I am making christmas presents this year – a combination of wanting to get out of the overly commercialised christmas rat race and wanting to give something I could afford and which had some meaning or personality in it.
And so I have been jamming.
First of all I went foraging. So. Much. Fun. and so calming, if you are stressed and need some time out go on a long walk and pick things and put them in bags and carry them around with you and you will feel such a sense of fulfilment and calm.
These are my blackberries picked and washed. I froze and defrosted them so I wasn’t against the clock trying to make them into jam but I would probably say fresh is best.
so 500g of these:
Windfall apples. Loads of these around, quite a lot of people put them in bags in front of their house for you to help yourself to. Peel and core 500g of them
Put all together in a big heavy based pan with approx 100ml of water ( I added more but this might have been my jammy downfall)
simmer on a medium heat until everything is mush and then add your sugar (1kg) and mix it in until its dissolved
Bring this to the boil and boil rapidly for 5 minutes and then test on a cold saucer. Put a splodge on, wait a minute for it to cool and then push it with your finger. If it wrinkles it has set.
I always have trouble with the set because I don’t it to be too runny so my jam comes out a bit over done but still yummy and still spreadable.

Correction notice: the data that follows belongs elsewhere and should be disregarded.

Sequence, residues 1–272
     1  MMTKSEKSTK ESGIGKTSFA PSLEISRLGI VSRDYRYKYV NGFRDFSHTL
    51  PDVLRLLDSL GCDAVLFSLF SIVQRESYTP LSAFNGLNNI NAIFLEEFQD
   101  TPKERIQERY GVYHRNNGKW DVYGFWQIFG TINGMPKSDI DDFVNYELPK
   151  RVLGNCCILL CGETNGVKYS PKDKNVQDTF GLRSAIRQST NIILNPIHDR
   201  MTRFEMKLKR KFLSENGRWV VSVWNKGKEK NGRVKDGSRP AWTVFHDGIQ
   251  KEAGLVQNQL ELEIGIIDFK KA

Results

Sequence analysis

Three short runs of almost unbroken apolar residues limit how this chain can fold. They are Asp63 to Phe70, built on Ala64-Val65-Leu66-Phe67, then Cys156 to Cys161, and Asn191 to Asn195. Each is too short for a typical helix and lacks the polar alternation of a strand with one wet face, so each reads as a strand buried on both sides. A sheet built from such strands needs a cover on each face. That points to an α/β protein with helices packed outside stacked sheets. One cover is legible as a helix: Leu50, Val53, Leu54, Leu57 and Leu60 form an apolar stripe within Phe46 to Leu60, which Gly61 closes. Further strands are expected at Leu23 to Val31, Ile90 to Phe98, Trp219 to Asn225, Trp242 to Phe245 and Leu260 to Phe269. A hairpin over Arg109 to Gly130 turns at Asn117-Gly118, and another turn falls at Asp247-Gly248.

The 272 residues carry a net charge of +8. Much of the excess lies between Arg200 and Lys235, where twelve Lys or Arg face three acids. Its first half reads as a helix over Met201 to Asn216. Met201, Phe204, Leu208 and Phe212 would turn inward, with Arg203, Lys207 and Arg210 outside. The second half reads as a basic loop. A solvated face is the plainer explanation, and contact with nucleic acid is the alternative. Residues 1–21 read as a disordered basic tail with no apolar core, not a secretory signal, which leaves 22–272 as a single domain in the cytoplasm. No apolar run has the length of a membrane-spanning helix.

spoon into pre sterilised jam jars and leave to cool
Not the most studenty gift but with a few other bits – maybe some scones and clotted cream in a tin – its a lovely present.
Last week our book club read and discussed George Orwell’s “Animal Farm”. Written as an animal version of the Russian Revolution, the book follows the journey of a group of farmyard animals with varying intelligence and skill and their break from the exploitative grasp of the farmer Mr Jones, to their own utopian existence. The book ends rather sadly with the power corrupt pigs exploiting the animals in much the same way as Mr Jones exploited them before, critiquing this model of a self sufficient and equal society. In our book club we discussed whether this model of society would ever work with some members saying it is inherently flawed due to human nature. I am inclined to disagree but this is beside the point. It is not the dampened ending of the story which disheartens me.